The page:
3. I don’t have time.
• Yes, you do. Fix your priorities, then get back to me.
4. Isn’t that why we pay the pastor?
5. I’ve messed up so badly in my past, God could never use me.
• Paul imprisoned, tortured, and murdered Christians, and God seemed to use him to a fairly large extent. Isn’t the grace, mercy, and forgiveness of our God wonderful? (Besides - little secret here - chances are that the pastor or teacher or elder you’re looking up to has got some pretty herky stuff in his or her past, too.)
6. There are so many others who have so much more experience and are so much better at it than me.
• "If a church only used experienced people to serve its ministries, Captain, it would, logically, die off in a generation" (said in a Spockian monotone). And, in ministry, “better” is a word that has absolutely no practical meaning.
7. I need to work on my spiritual walk first.
• God’s not looking for perfect servants, otherwise every pulpit would be empty and every boardroom table would be collecting dust. God knows who you are, and still He’s called you to serve Him. How cool is that?
8. I’m too __________.
• Old, young, new in my faith, infirmed, fat, thin, tall, short, smart, dumb, German, whatever word you want to put in that blank, write it in. Good, now scratch it out, because it’s a bunch of hooey. Now, over it, write, “…useful to God to not be serving.”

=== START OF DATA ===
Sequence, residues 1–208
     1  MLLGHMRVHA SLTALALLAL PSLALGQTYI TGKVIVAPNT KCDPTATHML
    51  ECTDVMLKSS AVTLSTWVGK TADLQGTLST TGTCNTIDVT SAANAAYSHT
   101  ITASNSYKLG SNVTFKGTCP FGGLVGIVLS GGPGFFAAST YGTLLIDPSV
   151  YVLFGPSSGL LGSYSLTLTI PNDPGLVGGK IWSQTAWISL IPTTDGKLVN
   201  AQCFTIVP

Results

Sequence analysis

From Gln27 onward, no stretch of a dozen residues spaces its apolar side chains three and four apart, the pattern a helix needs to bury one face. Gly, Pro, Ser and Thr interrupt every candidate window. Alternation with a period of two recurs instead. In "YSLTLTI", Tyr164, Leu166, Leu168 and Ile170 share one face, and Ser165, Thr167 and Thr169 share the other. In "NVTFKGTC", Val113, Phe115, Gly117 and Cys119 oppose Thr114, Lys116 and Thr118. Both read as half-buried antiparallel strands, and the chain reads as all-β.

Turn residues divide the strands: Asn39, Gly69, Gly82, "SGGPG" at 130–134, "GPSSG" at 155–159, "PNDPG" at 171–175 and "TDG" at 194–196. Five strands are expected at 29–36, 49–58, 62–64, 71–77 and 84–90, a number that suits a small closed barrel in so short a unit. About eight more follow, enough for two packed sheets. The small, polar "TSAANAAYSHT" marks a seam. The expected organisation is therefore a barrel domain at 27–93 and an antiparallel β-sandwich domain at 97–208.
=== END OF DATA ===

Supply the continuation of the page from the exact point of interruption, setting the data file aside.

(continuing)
9. My pastor wants to do it all himself.
• No, he doesn’t. He’s doing it all himself, because you’re not helping. Now, if you happen to be in one of those megalomaniac-led churches we spoke of earlier, please heed my previous advice and hoof it on out of town.
10. What if I find out that I don’t like what I’m doing or that I’m no good at it?
• Then stop doing it, and find something else. No harm, no foul. Sometimes discovering your calling is like a neon sign. More often, though, it’s a jigsaw puzzle. It takes time and experiences to place piece after piece. But eventually you’ll see the whole picture. It took me forty-four years to find my way to a senior pastor position, and I still don’t know if this is the whole puzzle or just another piece (and I may never know this side of heaven).
So, here’s to Pastor Larry Roseboro and New Hope Baptist Church. Here’s to all the small churches (and the big ‘uns, too) who are in the trenches doing the Lord’s work. Here’s to the pastors who are slogging it through day by day (often feeling alone, but knowing deep down that they are actually part of a much larger band of brothers and sisters). But, most of all, here’s to the people of the church - sacrificing their time, loving each other, serving their Lord. Those people right there, they are Church.